Why Storing Fats and Oils Long Term is Difficult and Why We Need Them

how to store fats and oils

Storing fats and oils long term requires defining "long term" - which I'll do in a moment. The problem with storing any fats and oils is oxidation — exposure to oxygen causes rancidity. Rancidity has been implicated as a cause of cancer (a carcinogen), heart disease, and arteriosclerosis.

On the other hand, fats are important for our health. They add taste and texture to our foods, as well as help our bodies absorb fat soluble vitamins such as A, D, E, and K.

In a crisis situation, we may not be able to obtain all the calories we need if there is not enough food, so fatty foods will provide the calories needed.

If our food storage supplies consist of mainly grains and legumes, adding a little fat or oil to a recipe provides the needed source of concentrated calories.

So in defining "long term" as applicable to storing fats and oils, it is only practical to store them for a year or two, if (and that's a big IF) they are properly preserved and stored.

Here are a few general rules to help you determine how long to store fats:

  • Avoid exposure to heat, light and oxygen. The more exposure to these three factors, the sooner rancidity can set in. To lengthen the life of your fats and oils, buy them in darkened, airtight containers (vacuum sealed is preferable) and refrigerate after opening. Regardless of the packaging, store at the coolest temperature you can provide.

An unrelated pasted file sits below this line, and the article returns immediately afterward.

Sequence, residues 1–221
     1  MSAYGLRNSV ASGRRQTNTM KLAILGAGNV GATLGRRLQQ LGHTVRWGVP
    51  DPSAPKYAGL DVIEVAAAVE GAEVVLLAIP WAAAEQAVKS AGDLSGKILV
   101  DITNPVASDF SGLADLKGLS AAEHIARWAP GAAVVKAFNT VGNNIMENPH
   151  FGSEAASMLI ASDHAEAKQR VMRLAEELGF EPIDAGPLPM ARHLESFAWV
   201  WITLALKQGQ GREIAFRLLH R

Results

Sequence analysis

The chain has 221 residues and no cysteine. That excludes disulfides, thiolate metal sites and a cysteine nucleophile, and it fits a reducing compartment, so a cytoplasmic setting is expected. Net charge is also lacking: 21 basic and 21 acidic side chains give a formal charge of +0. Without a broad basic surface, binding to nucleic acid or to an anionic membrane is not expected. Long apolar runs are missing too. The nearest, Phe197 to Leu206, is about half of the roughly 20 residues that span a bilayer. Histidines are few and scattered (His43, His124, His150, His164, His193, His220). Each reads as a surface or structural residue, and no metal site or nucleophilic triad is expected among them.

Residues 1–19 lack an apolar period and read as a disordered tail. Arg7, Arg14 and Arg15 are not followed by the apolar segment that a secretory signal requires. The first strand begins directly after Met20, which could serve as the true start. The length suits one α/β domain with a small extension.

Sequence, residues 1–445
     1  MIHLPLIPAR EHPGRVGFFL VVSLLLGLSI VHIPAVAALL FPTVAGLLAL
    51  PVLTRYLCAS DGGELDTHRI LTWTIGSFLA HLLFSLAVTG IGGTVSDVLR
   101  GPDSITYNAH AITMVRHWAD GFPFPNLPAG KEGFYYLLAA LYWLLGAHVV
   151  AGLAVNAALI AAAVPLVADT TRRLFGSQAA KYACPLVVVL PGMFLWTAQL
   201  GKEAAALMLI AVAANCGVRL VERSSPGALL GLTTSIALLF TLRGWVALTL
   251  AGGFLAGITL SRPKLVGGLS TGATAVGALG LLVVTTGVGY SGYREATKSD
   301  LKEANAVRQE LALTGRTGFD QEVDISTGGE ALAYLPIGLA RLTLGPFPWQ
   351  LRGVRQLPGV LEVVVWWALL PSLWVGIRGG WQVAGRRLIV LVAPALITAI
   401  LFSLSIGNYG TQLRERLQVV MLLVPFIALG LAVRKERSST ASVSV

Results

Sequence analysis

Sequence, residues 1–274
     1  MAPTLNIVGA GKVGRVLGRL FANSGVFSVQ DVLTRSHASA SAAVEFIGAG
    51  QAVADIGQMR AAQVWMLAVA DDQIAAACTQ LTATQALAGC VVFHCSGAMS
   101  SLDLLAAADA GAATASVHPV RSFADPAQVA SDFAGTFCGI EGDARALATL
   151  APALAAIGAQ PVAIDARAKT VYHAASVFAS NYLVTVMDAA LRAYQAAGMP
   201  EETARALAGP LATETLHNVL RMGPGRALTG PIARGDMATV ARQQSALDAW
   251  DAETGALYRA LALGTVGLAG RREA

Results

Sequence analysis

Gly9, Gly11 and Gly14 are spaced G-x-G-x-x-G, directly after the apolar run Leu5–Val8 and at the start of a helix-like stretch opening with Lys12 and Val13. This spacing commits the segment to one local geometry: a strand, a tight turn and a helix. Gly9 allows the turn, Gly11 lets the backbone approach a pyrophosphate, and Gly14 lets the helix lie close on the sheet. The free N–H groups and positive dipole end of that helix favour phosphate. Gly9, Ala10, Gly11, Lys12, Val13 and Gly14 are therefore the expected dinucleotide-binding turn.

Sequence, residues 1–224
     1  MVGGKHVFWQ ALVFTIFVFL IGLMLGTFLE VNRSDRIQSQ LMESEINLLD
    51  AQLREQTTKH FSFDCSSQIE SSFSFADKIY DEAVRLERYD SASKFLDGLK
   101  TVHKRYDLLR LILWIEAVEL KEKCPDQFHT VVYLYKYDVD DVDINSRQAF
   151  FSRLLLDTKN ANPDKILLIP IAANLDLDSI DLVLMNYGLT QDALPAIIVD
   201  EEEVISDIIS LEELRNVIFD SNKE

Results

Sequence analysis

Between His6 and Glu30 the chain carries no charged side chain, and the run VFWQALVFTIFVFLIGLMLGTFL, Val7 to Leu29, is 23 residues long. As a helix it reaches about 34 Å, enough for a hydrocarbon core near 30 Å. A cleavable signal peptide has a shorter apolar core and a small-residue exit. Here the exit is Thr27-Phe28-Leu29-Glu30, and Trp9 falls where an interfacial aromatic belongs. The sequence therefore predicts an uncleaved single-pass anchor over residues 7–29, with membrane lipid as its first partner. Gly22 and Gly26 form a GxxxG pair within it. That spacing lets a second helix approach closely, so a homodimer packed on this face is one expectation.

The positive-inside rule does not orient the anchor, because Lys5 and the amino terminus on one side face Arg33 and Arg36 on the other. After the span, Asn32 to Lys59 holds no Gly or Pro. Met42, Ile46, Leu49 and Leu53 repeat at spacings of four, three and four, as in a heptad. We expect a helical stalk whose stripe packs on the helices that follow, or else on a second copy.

• Rotate your fats and oils. It is important that you not buy more that you can use and rotate over several months. Manufacturers do add preservatives, which will help to extend the shelf life. Be sure and check expiration dates when purchasing at the grocery store - fresher is better for a longer shelf life.
  • Buy fats and oils in smaller containers. Properly packaged, unopened cooking oils have a shelf life of approximately one year - some times longer if they have been specially treated, and depending on the conditions mentioned above. Be aware that specialty oils such as flax seed and sesame have an even shorter shelf life, so be sure to refrigerate after opening. They may become cloudy or solid but are still usable and will return to their normal state at room temperature. Opened bottles can begin to turn rancid in a matter of weeks to a couple of months, often long before they smell rancid.
  • Buy lighter colored oils. Darker colored oils are more flavorful than the lighter colored oils, but the lighter oils have a longer shelf life.
  • Use solid shortening for longer shelf life. The fat with the longest shelf life (store-bought) is Crisco™. Crisco is hydrogenated shortening and includes preservatives, which accounts for its longer shelf life. It's impossible to know for sure, but any brand of hydrogenated shortening with preservatives, unopened and kept in a cool environment, should last 8 to 10 years.
  • Coconut Oil. As it turns out, coconut oil is a great option for cooking due to its high smoking point (350°F for unrefined and 450°F for refined).  This means that you can sauté and bake with coconut oil and not worry about it turning into a trans-fat.  Plus, coconut oil is very stable.  It has more than a two-year shelf life and won’t become rancid, even in warm temperatures. (This is one of my favorite brands.)

    Also, there appears to be strong evidence that coconuts are an anti-viral, anti-bacterial, anti-fungal, and anti-inflammatory food.  Plus, the research behind its heart and weight benefits seems well founded. 
    (Source: www.naturalhealthsherpa.com/coconut-oil-metabolism-booster/5295)

Just to stress the importance of proper storage and rotation, even with preservatives added, stored fats and oils that become even a little rancid are bad for your health and can even be poisonous.

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